PSY 301Abnormal PsychologyFALL 2019
PSY 202Developmental PsychologySPRING 2020
PSY 215Research Methods in the Social SciencesSPRING 2020
PSY 220Multicultural PsychologySUMMER 2020

Publications:

Arcidiacono, F., & Bova, A. (Eds.) (in press). Interpersonal Argumentation in Educational and Professional Contexts. New York: Springer.

Bova, A. (in press). The role of teacher in promoting argumentative interactions in the learning contexts of higher education. In F. Arcidiacono & A. Bova (Eds.), Interpersonal Argumentation in Educational and Professional Contexts. New York: Springer.

Bova, A., Arcidiacono, F., & Clément, F. (in press). Implicits in children’s socialization: Argumentation around what is taken for granted within family interactions. In C. Ilie & G. Garzone (Eds.), Argumentation in real and virtual environments: Cross-disciplinary perspectives. Amsterdam: Benjamins.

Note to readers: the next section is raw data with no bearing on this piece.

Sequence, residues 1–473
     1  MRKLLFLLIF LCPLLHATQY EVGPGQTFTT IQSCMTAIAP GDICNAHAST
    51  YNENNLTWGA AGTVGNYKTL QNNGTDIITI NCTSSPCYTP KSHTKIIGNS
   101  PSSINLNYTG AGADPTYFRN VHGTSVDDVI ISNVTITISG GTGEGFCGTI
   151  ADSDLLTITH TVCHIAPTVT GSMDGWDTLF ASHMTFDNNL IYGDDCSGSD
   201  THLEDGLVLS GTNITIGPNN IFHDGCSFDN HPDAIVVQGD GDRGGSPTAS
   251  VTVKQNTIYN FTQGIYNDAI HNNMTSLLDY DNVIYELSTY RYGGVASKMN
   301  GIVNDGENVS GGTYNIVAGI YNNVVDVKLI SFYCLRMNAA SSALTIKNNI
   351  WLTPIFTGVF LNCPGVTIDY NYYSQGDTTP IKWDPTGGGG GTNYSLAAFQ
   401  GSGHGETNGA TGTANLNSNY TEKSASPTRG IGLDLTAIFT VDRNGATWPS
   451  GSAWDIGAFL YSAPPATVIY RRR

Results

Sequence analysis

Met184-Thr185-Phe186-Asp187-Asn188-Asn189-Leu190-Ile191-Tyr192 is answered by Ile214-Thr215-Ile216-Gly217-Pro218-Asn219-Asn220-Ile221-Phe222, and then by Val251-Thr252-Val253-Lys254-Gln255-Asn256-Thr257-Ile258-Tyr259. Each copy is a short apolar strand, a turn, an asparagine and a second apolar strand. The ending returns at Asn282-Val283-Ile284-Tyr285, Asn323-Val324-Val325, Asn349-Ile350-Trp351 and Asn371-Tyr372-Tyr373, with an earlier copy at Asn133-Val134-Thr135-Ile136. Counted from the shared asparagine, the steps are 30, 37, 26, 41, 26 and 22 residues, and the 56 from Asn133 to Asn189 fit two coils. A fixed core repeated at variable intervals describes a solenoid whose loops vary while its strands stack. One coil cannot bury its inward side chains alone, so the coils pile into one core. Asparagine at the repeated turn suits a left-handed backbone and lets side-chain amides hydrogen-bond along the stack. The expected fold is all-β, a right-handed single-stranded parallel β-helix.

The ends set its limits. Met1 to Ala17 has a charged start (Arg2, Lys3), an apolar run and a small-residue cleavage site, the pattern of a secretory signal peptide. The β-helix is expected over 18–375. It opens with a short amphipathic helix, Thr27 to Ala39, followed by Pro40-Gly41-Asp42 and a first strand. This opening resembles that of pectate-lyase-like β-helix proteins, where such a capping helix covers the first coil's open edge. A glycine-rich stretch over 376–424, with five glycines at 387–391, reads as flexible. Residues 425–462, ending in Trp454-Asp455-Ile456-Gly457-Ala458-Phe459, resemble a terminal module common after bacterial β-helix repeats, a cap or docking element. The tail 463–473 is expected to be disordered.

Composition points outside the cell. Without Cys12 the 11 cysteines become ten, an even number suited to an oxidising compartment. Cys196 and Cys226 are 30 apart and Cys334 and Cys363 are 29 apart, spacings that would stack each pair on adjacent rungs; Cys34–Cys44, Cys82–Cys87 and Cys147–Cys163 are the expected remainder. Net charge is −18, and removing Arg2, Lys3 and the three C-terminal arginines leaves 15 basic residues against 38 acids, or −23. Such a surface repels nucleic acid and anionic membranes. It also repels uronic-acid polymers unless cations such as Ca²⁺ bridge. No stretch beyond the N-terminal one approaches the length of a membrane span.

Bova, A. (2015). Promoting learning and development of students through argumentative interactions in the classroom. A study of the teacher’s questions in the learning contexts of higher education. Teaching Innovations, 28(3), 130-144. doi: 10.5937/inovacije1503130B

Bova, A. (2015). A study of undergraduate and graduate students' argumentation in learning contexts of higher education. In B.J. Garssen, D. Godden, G. Mitchell, & A.F. Snoeck Henkemans (Eds.), Proceedings of the Eighth Conference of the International Society for the Study of Argumentation (pp. 173-185). Amsterdam: Sic Sat.

Bova, A. (2015). Favoring argumentative disciplinary discussions in the classroom. A study of teacher's questions at undergraduate and graduate level. Learning, Culture and Social Interaction, 7, 97-108. doi: 10.1016/j.lcsi.2015.09.001

Bova, A., & Arcidiacono, F. (2015). Beyond conflicts. Origin and types of issues leading to argumentative discussions during family mealtimes. Journal of Language Aggression and Conflict, 3(2), 263-288. doi 10.1075/jlac.3.2.02bov.

Bova, A. (2015). Children's responses in argumentative discussions relating to parental rules and prescriptions. Ampersand, 2, 109-121. doi: 10.1016/j.amper.2015.08.002